There’s an interesting element at work within crime fiction readers of all stripes than in readers of other literary genres. In other genres—say romance, for instance—the reader is a person who probably has a first-hand experience with love or sex. They bring at least a minimum amount of experience with them as they approach the story. They’ve been between the sheets themselves and know what a meaningful look looks like and how to create the “two-backed beast.” In other words, those who read a Shirley Jump novel have an experiential knowledge of the subject matter.
Lots of cowboys read Westerns.
Lots of doctors read medical thrillers.
Lots of lawyers read legal thrillers.
Lots of cops read detective thrillers.
Lots of people who came from dysfunctional childhoods read memoirs.
And, to quote Kurt Vonnegut who was always the smartest guy in whatever room he was in: “And so it goes.”
The point is, the fans of most crime fiction (including noir) don’t feel the same level of identification with the characters in the story as do readers of other genres. You can’t say, for instance, that “lots of criminals read crime novels.”
Crime fiction in general and noir in particular are perhaps the only genres that have very few readers who come from the same ranks. The “same ranks” would be… criminals. And, in proportion, very few criminals read anything, and in particular, even fewer read noir… or are even aware of its existence. Noir isn’t going to be found in many prison libraries. Zane Grey books are as close as it comes to anything noirish.
The thing is, most inmates of state prisons aren’t well-educated. When I was in Pendleton, the average educational level was about third grade. In federal joints, it’s higher, but for a large percentage of those folks, I wouldn’t consider them true criminals. White collar crime just isn’t the same as sticking a gun in the face of the liquor store dude who’s got his own meathook eight inches away from the sawed-off under the counter. The federal prisons are vastly different than state joints also.
And, yes, I do know that there are murderers and other mean-spirited types in federal joints. Just not nearly as many as in state joints. Not even close. A lot more accountants and lawyers and politicians in federal prisons… You can write that down.
What does all this have to do with the question? Well, the question was: Do you think that most readers of crime fiction want to read about real crime, or a sanitised version of it with a morally conservative ending?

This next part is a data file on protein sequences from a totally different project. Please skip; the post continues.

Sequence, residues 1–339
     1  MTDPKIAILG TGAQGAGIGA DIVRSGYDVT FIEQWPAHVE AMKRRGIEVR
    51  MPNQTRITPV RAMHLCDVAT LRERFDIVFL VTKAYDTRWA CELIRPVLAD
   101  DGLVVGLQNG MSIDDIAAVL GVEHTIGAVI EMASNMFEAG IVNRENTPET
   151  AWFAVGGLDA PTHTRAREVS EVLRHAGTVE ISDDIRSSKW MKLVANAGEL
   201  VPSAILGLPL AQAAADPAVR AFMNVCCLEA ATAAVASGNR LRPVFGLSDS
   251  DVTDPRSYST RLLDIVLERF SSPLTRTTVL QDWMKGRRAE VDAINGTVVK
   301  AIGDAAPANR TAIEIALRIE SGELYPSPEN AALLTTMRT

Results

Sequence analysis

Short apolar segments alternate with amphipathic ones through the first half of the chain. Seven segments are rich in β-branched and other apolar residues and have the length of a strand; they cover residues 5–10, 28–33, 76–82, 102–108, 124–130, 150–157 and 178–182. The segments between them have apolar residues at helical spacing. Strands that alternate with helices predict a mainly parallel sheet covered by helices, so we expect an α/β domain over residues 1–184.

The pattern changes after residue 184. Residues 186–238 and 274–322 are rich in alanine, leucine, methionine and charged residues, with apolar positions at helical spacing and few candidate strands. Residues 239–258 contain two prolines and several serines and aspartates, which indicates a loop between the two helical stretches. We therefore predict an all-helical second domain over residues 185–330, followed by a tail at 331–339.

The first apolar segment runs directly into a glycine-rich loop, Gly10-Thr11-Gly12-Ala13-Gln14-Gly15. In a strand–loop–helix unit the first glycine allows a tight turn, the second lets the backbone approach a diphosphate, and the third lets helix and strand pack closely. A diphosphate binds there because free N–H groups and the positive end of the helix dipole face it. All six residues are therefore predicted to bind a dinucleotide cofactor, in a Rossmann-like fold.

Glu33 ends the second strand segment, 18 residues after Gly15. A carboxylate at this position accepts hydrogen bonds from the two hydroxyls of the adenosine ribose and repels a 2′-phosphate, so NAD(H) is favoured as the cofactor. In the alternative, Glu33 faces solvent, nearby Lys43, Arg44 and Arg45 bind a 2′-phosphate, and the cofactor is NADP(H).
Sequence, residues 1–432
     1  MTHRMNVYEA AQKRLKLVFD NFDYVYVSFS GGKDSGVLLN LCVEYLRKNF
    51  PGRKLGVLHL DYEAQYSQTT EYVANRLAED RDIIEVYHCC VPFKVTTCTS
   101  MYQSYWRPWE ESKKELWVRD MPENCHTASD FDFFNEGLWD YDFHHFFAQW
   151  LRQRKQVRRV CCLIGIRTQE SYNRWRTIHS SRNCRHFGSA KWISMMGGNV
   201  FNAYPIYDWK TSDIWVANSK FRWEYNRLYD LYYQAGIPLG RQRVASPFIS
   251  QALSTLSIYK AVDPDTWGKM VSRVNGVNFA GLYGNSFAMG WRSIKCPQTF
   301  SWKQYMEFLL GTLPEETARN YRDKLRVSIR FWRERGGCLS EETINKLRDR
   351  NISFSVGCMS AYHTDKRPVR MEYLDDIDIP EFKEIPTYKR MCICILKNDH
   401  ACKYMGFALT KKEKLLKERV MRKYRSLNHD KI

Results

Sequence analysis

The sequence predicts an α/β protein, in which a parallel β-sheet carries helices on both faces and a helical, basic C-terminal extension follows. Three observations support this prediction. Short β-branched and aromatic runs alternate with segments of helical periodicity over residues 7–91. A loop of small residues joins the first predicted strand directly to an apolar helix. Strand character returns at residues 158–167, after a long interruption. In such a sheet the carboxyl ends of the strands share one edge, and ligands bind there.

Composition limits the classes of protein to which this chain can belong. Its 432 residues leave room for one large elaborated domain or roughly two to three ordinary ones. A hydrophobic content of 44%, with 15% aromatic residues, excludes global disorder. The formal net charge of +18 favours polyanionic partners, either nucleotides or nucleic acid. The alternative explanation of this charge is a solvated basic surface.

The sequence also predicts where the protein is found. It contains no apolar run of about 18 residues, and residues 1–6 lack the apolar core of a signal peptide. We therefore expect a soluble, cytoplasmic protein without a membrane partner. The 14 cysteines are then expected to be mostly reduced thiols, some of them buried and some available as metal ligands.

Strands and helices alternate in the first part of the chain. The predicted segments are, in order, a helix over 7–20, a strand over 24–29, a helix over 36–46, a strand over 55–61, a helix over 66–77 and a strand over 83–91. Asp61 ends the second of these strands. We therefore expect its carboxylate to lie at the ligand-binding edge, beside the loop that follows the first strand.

Truth is, most readers of crime fiction don’t have a clue what real crime is and how the mind of a real criminal works. I was made aware of that when my novel Just Like That came out and a number of reviewers stated that they had no idea the criminal mind worked like it did for my protagonist Jake in that story. Some of the reviewers were crime writers themselves. Well… most criminals think and act exactly like Jake does. Readers of crime fiction were surprised by Jake because the only fiction they’d read was from the pov of writers who… weren’t criminals. Writers who obtained their knowledge of crime and criminals primarily from the same kinds of books they write themselves. Or worse—from movies…
Most readers of crime fiction simply want to live a bit vicariously, just as do most writers of crime fiction. It’s kind of neat to get close to real crime without having any of it actually get on you. It’s a mindset I used to use to my advantage with ladies in my salad days… Bad boys are very aware of the “bad boy syndrome…” There are those readers who venture closer to the criminal than do others. Most find it fairly comfortable to get close to a larger-than-life almost cartoon character superhero like Reacher than they do to a guy like Jake Mayes who sticks his shank into Toles’ gut simply because he didn’t know his name and therefore disrespected him. And is mostly curious in watching his eyes to see how they change as he dies. That’s too close for many folks. That’s close enough it may rub off or it may make them aware that deep down, they’re very close to Jake in ways they don’t want to admit.